February 4, 2015

Gaudeamus igitur, Amazon’s going to college


Welcome, Amazon! Image via Wikipedia.

Welcome, Amazon! Image via Wikipedia.

When I was a college student, I thought as a college student. I spake as a college student, using the term “Derridean” and “albeit” like they were my sponsors. I also spent as a college student, which meant lots of bad sandwiches, flavored rum, and assigned books often purchased on Amazon Marketplace.

I was an English major so I avoided buying many (if any) real textbooks, and I was also going to school in New York (go Violets) where my spending options were myriad. But not all college students enjoy the same locational or scholarly advantage. So where do you buy your essentials when you don’t live in the Big Apple and you want a degree that’s not in the humanities? Why, head to the Everything Store!

The Wall Street Journal reports that Amazon’s latest power grab is taking place at three major universities: Purdue, UMass Amherst, and UC Davis. Amazon has entered into partnerships with all three schools in which the schools integrate their website with Amazon links, and the retail giant provides discounted Amazon Prime memberships for students, as well as other perks including unlimited next-day delivery. The Amazon Campus program also plans to build an automat-style package pickup, where students can visit an on-campus distribution center, open a coded locker, and retrieve their delivery.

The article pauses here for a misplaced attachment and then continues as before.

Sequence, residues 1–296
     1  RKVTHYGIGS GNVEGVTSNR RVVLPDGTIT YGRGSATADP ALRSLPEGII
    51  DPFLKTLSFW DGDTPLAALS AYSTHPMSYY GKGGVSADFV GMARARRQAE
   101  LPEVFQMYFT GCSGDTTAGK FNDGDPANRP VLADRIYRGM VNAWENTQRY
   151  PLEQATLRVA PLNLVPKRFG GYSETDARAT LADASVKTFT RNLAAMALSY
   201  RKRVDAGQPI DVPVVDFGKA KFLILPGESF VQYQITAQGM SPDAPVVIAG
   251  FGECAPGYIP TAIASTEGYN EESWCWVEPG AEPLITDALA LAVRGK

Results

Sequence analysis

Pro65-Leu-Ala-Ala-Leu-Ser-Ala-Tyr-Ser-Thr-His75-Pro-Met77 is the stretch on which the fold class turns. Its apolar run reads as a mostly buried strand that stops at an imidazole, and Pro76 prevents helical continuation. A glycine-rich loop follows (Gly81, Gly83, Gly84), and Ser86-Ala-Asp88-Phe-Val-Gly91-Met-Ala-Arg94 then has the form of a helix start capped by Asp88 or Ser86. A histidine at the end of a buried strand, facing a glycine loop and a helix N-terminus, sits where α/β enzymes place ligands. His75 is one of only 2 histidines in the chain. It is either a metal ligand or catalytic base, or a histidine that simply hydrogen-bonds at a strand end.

“College campuses are an opportunity for us,” said Ripley MacDonald, director of Amazon student programs. “We hope students like it and continue being Amazon customers.”

All course materials will be eligible for one-day shipping, regardless of whether students have a Prime account. Other merchandise requires the membership, available to students for $49, half the regular Prime price.

Okay, there’s plenty to unpack here, not the least of which being that Amazon’s director of student programs has name of a ’80s movie rich guy villain who wants to demolish the town’s rec center. (Not entirely a joke; at Purdue, Amazon is actually taking over a room that was designed to be a multipurpose meeting space for student groups.) But let’s start with the money.

The WSJ puts annual college bookstore revenue at $10.3 billion. Right now, the lion’s share of that money is spent in stores run by Barnes & Noble College Division and Follett Corp. Most of that $10.3 billion is spent in outright purchase; though many stores offer textbook rental services, they see very little use. Plenty of universities provide various vouchers and such to students who receive financial aid so they can spend it on textbooks.

The National Association of College Stores (NACS) provides a decade’s worth of data showing that while enrollment rates have steadily climbed, revenues have wobbled between the $10.5-ish and 9.5 billion mark for about six years. But that’s only data through fiscal ’12. Barnes & Noble actually reported small but notable growth in college bookstore revenue for the second quarter of fiscal 2015. B&N’s college division is of course shackled to the floundering Nook division under the umbrella of Nook Media, the proposed spinning-off of which has been the subject of plenty of speculation following Microsoft’s divestment of their stake last year.